One name floating for a possible trade: Avalanche PA Parenteau. A few teams called and heard Canadiens are interested. We'll see.— Renaud Lavoie (@LavoieRenaud) January 27, 2014
P.A. Parenteau also happens to be a healthy scratch tonight for the Avalanche, three games after returning from a knee injury that kept him out for ten.
With the Canadiens struggling, a Francophone on the trade block is bound to have rumours swirling, but the question is whether or not he would be a fit in the first place.
At age 30 and signed for two more years after this one for $4M per year, Parenteau is in the mid-range of expenses for a top-9 forward. He's also at the mid-range of size at 6' and 193lbs, and not a physical player by any stretch. That will likely have a large portion of fans sour on him right away.
Before we go any further, it's worthwhile to note that Parenteau was rumoured to be a Montreal Canadien before, and this is what ended up happening:
Bergevin said #Habs spoke to Jagr's and Parenteau's camp in spite of reports saying the opposite. Considered neither to be good fits— Arpon Basu (@ArponBasu) July 2, 2012
However, Bergevin also said the Habs desperately needed size right before he signed Daniel Briere, so let's take a look at what Parenteau brings to the table.
Parenteau's even strength production is actually very respectable. He's a pass-first player, and doesn't shoot very often, but he seems very adept at setting his teammates up. Keep in mind that the top 90 in league ranks equals 1st line production, and 180 equals second line production. Parenteau has easily been a top-6 forward at even strength.
On the powerplay, he's struggled mightily, but with only 88 minutes played there this year I'm hesitant to judge him as ineffective there, so let's take a look at the previous two seasons.
These numbers would suggest that Parenteau's powerplay numbers this year are indeed just a run of bad luck, and although I highly doubt he's a top 30 powerplay forward in the NHL, being a top 90 guy or even high end second wave material is very likely.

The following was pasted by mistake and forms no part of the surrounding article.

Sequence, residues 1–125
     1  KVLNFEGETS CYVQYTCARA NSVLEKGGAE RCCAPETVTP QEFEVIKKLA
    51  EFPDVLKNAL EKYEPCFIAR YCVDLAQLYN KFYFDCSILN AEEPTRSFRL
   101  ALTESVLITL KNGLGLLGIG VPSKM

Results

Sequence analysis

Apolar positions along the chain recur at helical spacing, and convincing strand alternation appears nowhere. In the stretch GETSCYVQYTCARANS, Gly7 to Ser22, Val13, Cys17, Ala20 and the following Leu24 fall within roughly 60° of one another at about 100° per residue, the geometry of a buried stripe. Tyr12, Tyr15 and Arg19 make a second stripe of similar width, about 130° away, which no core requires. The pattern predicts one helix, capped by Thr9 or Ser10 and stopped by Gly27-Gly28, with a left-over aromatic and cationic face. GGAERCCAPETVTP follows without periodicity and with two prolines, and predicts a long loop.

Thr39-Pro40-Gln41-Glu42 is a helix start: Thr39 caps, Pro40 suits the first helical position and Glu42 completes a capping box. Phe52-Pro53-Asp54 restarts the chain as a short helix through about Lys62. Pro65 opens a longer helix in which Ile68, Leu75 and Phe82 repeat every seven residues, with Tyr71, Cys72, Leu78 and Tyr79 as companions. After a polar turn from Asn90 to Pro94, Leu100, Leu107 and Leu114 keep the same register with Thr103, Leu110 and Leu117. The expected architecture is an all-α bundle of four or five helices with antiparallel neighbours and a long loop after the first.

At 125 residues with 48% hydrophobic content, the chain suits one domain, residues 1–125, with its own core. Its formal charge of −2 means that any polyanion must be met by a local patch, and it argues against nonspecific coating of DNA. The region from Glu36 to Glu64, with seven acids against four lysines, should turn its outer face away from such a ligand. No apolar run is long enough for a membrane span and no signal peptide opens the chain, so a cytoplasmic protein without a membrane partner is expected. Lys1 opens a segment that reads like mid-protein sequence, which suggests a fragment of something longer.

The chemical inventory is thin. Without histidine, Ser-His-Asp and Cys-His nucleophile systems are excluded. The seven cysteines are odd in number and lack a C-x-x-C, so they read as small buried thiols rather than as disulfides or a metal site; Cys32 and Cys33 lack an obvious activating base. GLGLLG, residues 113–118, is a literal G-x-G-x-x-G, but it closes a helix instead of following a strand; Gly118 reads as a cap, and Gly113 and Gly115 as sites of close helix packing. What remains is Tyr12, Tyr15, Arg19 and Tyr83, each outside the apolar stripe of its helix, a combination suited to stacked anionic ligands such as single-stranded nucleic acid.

That leads me to believe that it's possible the Avalanche could be selling low on Parenteau, which could end up making a possible trade significantly more attractive. But let's look a little bit closer.
Parenteau has been above average for the Avalanche in all situations this season, but it's only during score tied situations where he's been outside of the middle group of the team. Tied situations are the most predictive, but we're also dealing with the smallest sample sizes.
Because of that, and his career Corsi percentage of just under 50%, I don't think it's reasonable to conclude that he's an above average possession player. Even if he's just average though, that's still significantly better that players like Daniel Briere and Rene Bourque.
Parenteau has also been given a fairly significant zone push until this season, where he's seen just 49.7% offensive zone starts.
What it really comes down to
Is Parenteau an upgrade over Bourque and Briere? Yes. Is he an offensive upgrade overall? Yes. Does he fill a need for the Montreal Canadiens? It depends.
Colorado is not going to be interested in Bourque or Briere. Don't fool yourself into thinking either of those guys are going to net a top-6 forward return at this stage. Trading for Parenteau does mean that you need to get rid of at least one of those two though, so any deal may be contingent on another trade.
The other factor in this deal is what you would have to give up in return. It's no secret that the Avalanche need defense, and they desperately need a guy who can move the puck. Considering reports that Raphael Diaz is not going to be back with the Canadiens next year, and that he's been a healthy scratch for the better part of a month, it's logical that he would be the piece Montreal would part with.
If the Habs are hell bent on not using him, you may as well get value for him before he goes to unrestricted free agency, but I can't help but be skeptical of a management group that sees their defense core struggling mightily and refuses to use one of the better players in his own zone.
Other options for Colorado would include the struggling Alexei Emelin, and the disgruntled Magnus Nygren, but Diaz would help them more immediately, and is cheaper than Emelin. It's a tough question.
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